Asteroid 9 Metis at opposition

2015 Sep 6

Dominic Ford – originally published on

Asteroid 9 Metis will be well placed for observation, lying in the constellation Aquarius, well above the horizon for much of the night.

Regardless of your location on the Earth, Metis will reach its highest point in the sky at around midnight local time.

From London (click to change) however, it will not be readily observable since it will lie so far south that it will never rise more than 22° above the horizon.

The geometry of the alignment

This optimal positioning occurs when it makes its closest approach to the point in the sky directly opposite to the Sun – an event termed opposition. Since the Sun reaches its greatest distance below the horizon at midnight, the point opposite to it is highest in the sky at the same time.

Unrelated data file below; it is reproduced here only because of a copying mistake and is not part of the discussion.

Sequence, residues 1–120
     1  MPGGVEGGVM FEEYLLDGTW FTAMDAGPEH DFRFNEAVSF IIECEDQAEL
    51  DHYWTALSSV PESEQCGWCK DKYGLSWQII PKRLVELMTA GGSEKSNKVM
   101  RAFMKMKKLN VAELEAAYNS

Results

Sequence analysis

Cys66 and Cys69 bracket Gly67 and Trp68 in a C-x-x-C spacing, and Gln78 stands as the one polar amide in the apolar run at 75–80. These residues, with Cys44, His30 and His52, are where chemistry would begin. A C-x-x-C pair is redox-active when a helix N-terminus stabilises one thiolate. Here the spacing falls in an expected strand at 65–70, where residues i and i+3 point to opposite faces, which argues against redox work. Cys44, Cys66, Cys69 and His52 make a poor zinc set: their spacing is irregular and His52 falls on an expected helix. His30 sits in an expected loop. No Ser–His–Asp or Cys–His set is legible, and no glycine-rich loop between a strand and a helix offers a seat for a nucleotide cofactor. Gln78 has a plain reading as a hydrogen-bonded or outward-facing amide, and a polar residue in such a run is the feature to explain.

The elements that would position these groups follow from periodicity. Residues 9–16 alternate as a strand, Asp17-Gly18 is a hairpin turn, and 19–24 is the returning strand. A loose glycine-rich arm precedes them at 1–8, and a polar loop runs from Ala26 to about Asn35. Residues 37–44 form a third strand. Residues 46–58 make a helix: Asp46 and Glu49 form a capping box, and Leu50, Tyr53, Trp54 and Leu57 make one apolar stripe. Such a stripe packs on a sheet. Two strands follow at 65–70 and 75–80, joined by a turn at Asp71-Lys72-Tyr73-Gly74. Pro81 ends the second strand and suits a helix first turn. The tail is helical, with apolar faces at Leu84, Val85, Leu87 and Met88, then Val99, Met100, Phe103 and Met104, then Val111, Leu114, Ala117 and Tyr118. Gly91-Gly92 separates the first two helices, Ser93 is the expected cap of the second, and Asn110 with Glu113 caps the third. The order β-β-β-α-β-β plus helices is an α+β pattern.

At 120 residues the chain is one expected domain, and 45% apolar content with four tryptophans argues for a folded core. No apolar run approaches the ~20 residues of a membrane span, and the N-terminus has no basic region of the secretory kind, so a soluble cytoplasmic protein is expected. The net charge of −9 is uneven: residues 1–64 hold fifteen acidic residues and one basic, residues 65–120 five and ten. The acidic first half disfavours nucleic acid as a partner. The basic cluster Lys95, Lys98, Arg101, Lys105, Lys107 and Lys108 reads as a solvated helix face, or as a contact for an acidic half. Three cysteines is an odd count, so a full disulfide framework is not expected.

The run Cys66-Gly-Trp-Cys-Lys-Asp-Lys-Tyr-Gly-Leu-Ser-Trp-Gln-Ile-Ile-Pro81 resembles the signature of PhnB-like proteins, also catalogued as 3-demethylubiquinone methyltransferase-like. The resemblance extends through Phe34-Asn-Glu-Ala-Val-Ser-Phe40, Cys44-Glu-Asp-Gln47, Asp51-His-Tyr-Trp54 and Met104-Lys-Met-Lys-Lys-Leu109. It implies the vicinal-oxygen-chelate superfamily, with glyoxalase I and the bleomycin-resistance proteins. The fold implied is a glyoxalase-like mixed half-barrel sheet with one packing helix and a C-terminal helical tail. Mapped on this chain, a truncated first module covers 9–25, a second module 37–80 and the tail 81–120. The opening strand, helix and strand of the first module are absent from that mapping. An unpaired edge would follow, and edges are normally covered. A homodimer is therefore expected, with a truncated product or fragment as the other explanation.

At around the same time that Metis passes opposition, it also makes its closest approach to the Earth – termed its perigee – making it appear at its brightest in the night sky. This happens because when Metis lies opposite to the Sun in the night sky, the solar system is lined up so that Metis, the Earth and the Sun lie in a straight line with the Earth in the middle, on the same side of the Sun as Metis.

On this occasion, Metis will pass within 1.358 AU of us, reaching a peak brightness of magnitude 8.8. Nonetheless, even at its brightest, Metis is a faint object beyond the reach of the naked eye or binoculars; a telescope of moderate aperture and a good star chart are needed.

The exact position of Metis at the moment of opposition will be as follows:

Object Right Ascension Declination Constellation Magnitude
Asteroid 9 Metis 23h12m30s -15°37′ Aquarius 8.8

The coordinates above are given in J2000.0.

The details of this observing event were provided courtesy of